I made an ‘almost’ proper cassoulet last week.
I say almost because I made it in one day rather than the traditional two or three…
But, let’s be honest…. I have a lot of will-power but not enough to have the scent of a bubbling cassoulet wafting through the house for 8 hours and then not dive in with two forks at the ready.
Besides, it wasn’t cold enough outside to cool it sufficiently and it didn’t fit in my fridge.
Since there are as many cassoulet recipes as there are cooks I will give you mine, which is a combination of every recipe I could find plus my own particular twists.
First let me tell you what cassoulet is…. and isn’t.
Cassoulet is a dish of white beans and meat originating in the Languedoc, in southwest France. There are three regional variations: that of Castelnaudary (claiming to be the original or authentic), Toulouse and Carcassonne.
In the interest of accuracy I decided to go to the ultimate source: my Larousse Gastronomique.
“The three types should have the following differences: that of Castelnaudary is prepared with fresh pork, ham, knuckle of pork, and fresh bacon skins; that of Carcassonne with the addition to the above of a shortened leg of mutton, and partridges in season; that of Toulouse, has added breast of pork, Toulouse sausage, mutton and confit d’oie (preserved goose) or confit de canard (preserved duck).”
Tradition and regional differences aside, when one orders cassoulet in a restaurant one can expect Toulouse sausages, duck confit, bacon, pork, and, maybe, some lamb. The less expensive the setting and price tag, the more sausage and less duck and pork. Forget the lamb.
As to the rest of the ingredients: garlic and onion are standard, leeks and tomatoes are sometimes; breadcrumbs are used or not; sometimes blood sausage but not often; carrots – yes or maybe no.
And the quantities vary wildly from ‘rub the pot with a clove of garlic’ to ‘peel one complete head of garlic’.
The dish, when finished, should have a lovely crust (with or without the breadcrumbs) and be moist but not have a lot of liquid.
Cassoulet is not:
- Made with fish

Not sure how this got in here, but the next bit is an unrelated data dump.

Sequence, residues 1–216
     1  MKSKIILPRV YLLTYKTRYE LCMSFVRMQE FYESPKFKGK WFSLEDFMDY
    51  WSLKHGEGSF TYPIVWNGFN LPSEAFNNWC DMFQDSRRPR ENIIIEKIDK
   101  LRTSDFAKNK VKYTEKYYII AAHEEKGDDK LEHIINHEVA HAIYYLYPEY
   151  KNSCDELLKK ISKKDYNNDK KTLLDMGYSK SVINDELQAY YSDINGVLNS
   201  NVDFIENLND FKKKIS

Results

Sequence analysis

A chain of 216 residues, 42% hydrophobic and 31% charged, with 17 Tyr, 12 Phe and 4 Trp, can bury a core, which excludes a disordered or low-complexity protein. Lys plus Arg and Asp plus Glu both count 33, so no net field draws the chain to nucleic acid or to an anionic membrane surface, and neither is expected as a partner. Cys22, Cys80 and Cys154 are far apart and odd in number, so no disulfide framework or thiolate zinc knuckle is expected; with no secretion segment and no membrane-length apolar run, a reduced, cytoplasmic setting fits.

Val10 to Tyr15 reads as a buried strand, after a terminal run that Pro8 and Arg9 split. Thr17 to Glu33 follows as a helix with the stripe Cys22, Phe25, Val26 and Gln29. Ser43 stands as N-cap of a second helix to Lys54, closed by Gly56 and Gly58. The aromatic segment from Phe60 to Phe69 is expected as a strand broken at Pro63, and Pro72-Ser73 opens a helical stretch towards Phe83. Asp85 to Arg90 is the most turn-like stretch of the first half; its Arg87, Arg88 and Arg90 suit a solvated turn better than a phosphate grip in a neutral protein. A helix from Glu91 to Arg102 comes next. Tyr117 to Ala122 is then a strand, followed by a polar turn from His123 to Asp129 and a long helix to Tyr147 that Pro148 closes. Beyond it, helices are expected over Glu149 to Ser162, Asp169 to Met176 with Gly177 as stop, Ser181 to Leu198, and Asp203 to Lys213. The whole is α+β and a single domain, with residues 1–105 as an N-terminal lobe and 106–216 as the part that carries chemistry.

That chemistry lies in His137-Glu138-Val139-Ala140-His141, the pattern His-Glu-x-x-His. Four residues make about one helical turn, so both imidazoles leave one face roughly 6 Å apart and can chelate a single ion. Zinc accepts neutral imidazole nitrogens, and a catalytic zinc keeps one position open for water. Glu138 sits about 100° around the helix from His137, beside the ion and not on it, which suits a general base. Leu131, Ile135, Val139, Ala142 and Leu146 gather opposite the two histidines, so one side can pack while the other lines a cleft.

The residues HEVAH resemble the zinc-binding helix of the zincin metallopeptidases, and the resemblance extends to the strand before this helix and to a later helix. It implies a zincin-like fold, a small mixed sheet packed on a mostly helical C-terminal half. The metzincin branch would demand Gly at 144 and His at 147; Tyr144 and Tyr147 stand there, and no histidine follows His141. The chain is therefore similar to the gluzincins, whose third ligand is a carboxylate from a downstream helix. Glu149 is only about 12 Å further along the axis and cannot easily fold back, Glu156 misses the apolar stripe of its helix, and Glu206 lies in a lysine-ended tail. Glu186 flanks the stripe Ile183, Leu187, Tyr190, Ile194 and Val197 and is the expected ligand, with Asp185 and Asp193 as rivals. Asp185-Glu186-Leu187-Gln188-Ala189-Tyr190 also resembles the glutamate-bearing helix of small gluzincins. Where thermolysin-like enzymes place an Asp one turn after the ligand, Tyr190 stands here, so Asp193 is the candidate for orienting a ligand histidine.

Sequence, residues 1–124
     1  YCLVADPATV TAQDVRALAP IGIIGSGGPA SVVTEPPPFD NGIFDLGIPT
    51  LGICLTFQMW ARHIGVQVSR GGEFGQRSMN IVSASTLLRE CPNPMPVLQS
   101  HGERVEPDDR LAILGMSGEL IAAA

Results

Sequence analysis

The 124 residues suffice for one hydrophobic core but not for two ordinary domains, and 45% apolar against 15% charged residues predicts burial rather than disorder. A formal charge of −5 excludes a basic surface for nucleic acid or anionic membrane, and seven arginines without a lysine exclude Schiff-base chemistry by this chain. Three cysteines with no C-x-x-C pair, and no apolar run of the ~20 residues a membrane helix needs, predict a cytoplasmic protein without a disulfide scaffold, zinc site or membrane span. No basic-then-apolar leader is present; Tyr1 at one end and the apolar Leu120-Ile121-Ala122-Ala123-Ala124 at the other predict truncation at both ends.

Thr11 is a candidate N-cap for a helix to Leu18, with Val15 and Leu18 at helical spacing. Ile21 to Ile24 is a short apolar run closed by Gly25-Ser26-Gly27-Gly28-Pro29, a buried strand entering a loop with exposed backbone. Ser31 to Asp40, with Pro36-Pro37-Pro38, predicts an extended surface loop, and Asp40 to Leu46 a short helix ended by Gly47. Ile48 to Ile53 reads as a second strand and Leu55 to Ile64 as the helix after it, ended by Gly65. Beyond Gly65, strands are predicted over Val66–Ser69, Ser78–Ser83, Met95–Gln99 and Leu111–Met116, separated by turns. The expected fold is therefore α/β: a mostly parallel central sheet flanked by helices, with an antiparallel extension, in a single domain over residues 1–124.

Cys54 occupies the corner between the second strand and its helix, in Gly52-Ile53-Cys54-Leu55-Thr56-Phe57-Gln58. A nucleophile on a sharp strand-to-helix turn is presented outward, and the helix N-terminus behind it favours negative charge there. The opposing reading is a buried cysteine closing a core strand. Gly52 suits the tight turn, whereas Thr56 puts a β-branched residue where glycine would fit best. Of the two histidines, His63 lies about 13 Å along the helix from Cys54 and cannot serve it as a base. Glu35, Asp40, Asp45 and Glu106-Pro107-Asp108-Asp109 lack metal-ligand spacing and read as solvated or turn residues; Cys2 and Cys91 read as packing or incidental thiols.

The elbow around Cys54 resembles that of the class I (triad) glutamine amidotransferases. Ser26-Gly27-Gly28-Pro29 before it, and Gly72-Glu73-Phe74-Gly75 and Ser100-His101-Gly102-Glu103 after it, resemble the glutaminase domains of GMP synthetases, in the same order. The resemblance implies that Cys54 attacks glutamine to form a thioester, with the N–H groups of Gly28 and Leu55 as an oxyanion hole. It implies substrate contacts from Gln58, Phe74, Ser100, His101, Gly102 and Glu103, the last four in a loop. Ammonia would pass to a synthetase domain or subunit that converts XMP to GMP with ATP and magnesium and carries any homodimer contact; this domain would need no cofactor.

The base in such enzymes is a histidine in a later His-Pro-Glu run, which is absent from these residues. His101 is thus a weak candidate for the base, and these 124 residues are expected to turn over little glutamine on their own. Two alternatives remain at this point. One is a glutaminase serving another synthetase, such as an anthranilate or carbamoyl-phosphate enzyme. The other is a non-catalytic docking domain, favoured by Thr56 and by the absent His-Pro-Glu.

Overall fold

- Vegetarian (then it would be Baked Beans)
- Soup or soup-like
- Fast food
But it is worth every tiny ounce of effort required.
This will serve four hearty eaters. We ate roughly half the first night, then divided the leftovers and had half in a risotto and half in a pasta.
In addition to checking lots of sources, this is my recipe because this is what I had in my pantry….
The Beans: Do not use canned beans. Please.
2 cups dried white beans (13oz, 375gr), lingots, cannellini, Great Northern
1 whole onion studded with 2 whole cloves
3oz (90gr) bacon
2oz (60gr) dry-cured ham, such as Bayonne, Prosciutto
2 medium leeks, thinly slice, white and green
5 bay leaves
1 bouquet garni
1 tbs duck fat
1 1/2 – 2 quarts (litres) of water
Soak beans for four hours or overnight. Drain.
Fry bacon and ham in duck fat until crisp. Add leeks and fry until tender. Add remaining ingredients and enough water to cover the beans by 2 – 3 inches. Cover and bring to a boil. Reduce heat to low and simmer until beans are tender, 1 1/2 – 2 hours. When done remove onion, bay leaves, bouquet garni and discard.
4 duck legs – confit de canard
4 fat Toulouse (or other pork) sausages
1 cup peeled, chopped tomatoes
10 cloves garlic, crushed
Put a layer of beans, bacon and leeks in the bottom of a heavy pot. Top with the sausages. I cut them in half.
Bake, uncovered, at 350F (175C) until you see the top bubbling. Reduce the heat to 250F (125C) and continue baking for 3 hours. When the top gets dry and crusty, take the back of a spoon and push it gently into the liquid. If it starts to dry out, add more liquid.
I soaked the beans overnight, and made the cassoulet the next day. We had it that evening for dinner. It often is assembled, baked until bubbling then cooled and kept overnight. The long, slow baking will be the next day.
Once the scent fills your kitchen you’ll understand why I didn’t want to wait.
If I were to make it for more people, I would add other pork, some lamb, and take the duck off the bone to divide it into smaller pieces.
If you happen to have leftovers: Recipes for Leftover Cassoulet